The Starting Theme:
Even with CO2 reduction and renewable electrification of everything, we still have to deal with the Growth based system that is overwhelming Earth.
Humankind needs to pioneer new values and cultural forms that are not dependent on continuous Growth.
Some Questions to consider:
What are the psychological and other reasons that society adheres to the “Growth Everlasting” ideology ?
How is that ideology being sustained ? How is commercialization and marketing hijacking human impulses and public domain.
How might we work with humanity’s underlying motivations to secure long-term well-being in response to the problems of growing past Earth’s ability to sustain us ?
Meeting details:
As with CACOR’s previous gatherings, doors will open at 11, with a $5.00 charge to cover the cost of the room rental. You can bring your own lunch or something to share with the group. Coffee and tea will be available and the bar will be open for wine and beer sale. Plenty of free parking is available.
Hoping you can join us,
Yours, Mike N.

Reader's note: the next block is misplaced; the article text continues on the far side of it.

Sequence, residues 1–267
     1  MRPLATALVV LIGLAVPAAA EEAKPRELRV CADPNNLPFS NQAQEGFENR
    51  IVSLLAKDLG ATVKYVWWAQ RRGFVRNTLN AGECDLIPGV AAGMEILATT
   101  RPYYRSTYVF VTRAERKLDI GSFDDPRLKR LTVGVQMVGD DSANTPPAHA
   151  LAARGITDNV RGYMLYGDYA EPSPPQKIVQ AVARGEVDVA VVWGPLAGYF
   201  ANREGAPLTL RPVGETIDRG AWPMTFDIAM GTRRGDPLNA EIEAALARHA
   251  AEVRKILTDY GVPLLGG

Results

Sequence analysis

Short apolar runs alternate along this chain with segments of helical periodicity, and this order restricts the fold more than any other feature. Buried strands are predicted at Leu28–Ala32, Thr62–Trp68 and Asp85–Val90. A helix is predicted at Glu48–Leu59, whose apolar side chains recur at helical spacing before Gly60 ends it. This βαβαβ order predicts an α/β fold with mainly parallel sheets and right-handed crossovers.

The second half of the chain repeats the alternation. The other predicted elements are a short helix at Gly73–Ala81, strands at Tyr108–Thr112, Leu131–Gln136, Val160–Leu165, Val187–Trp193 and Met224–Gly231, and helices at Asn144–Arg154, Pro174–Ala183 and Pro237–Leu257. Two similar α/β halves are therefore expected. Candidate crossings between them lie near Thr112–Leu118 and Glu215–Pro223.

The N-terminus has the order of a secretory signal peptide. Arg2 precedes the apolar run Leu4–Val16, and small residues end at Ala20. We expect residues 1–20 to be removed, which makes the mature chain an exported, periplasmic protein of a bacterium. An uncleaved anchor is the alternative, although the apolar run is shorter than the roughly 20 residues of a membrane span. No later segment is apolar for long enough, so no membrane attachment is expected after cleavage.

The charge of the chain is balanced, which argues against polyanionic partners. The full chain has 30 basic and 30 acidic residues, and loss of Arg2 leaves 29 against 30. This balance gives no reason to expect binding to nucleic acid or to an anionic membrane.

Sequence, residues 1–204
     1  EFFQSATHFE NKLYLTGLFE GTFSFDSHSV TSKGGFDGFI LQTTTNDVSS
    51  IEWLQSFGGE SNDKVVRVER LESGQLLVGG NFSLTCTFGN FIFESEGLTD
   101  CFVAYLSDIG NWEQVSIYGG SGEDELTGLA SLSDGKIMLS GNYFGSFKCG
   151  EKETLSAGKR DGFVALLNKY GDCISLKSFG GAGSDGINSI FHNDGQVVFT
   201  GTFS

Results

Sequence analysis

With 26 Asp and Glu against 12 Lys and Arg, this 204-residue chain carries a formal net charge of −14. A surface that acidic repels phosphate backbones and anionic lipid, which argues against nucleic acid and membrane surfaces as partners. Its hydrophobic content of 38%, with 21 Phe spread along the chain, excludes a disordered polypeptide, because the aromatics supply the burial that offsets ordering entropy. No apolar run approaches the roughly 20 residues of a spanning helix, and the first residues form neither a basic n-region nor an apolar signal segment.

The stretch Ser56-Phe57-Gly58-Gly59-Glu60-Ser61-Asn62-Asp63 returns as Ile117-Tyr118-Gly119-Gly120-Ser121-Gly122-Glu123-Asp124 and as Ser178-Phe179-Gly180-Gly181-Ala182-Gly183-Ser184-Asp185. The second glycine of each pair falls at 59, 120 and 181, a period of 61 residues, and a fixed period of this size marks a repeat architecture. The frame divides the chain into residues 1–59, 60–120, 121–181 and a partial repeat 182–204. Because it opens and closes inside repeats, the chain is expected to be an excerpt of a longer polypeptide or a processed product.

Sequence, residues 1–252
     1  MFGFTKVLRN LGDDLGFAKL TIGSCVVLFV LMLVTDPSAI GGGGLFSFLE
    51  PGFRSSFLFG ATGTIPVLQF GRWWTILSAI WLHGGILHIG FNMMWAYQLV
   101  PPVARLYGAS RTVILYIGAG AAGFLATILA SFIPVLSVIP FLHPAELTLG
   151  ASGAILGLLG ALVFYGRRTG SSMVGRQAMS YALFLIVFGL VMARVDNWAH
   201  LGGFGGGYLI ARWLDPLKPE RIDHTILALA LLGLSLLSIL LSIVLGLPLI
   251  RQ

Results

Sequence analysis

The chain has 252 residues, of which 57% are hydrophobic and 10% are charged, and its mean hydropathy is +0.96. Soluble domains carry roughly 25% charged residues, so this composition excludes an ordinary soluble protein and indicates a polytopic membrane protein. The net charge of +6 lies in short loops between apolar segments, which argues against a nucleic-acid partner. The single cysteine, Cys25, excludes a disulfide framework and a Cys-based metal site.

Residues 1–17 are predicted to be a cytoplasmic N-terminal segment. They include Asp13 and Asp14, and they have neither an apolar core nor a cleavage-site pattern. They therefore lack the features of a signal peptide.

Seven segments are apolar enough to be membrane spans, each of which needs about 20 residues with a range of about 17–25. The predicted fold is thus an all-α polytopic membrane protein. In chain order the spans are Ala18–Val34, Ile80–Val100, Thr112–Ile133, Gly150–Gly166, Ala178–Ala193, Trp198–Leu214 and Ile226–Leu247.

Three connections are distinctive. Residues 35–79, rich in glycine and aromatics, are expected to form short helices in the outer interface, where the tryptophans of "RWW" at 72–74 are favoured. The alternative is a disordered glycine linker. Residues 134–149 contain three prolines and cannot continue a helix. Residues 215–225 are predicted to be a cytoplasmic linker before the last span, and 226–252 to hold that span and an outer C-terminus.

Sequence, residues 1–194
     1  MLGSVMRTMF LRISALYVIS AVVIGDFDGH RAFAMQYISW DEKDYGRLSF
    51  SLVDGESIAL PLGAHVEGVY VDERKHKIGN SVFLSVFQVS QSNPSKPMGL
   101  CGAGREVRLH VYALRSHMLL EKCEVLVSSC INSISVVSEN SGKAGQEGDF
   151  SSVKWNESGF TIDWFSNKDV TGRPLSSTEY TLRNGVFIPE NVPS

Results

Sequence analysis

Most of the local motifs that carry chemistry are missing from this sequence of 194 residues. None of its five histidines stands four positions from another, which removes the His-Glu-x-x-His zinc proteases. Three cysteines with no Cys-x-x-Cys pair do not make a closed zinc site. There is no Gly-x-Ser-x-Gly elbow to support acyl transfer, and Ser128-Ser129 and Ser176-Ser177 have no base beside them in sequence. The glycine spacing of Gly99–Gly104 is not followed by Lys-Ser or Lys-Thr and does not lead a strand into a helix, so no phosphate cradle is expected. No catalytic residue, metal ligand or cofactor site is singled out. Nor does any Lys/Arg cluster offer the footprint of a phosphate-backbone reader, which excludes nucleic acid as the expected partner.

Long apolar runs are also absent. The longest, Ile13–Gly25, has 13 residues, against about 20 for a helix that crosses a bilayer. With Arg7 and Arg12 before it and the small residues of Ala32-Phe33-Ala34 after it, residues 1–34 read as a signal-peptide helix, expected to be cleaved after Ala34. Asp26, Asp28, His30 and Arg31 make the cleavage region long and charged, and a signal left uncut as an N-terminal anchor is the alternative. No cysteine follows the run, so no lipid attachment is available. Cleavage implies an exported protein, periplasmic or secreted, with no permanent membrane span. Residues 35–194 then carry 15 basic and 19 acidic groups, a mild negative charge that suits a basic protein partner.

A world at peace and in balance with the environment is hard for our minds to grasp, but it is not beyond the capacity of our hearts to experience and to hunger for.
Seventh Generation Initiative
Stop State Grant for Copper Mining Porcupine Mountains

Stop State Grant for Copper Mining Porcupine Mountains

Editor’s Note: This is an update to a story that we published about the proposed copper mining in Porcupine Mountains. Michigan Strategic Fund is considering a grant for the Copperwood project – a project that will destroy the natural habitat in the Porcupine Mountains. This is an urgent call for action, you can find the original piece here.

URGENT: Michigan considering $50M grant for Copperwood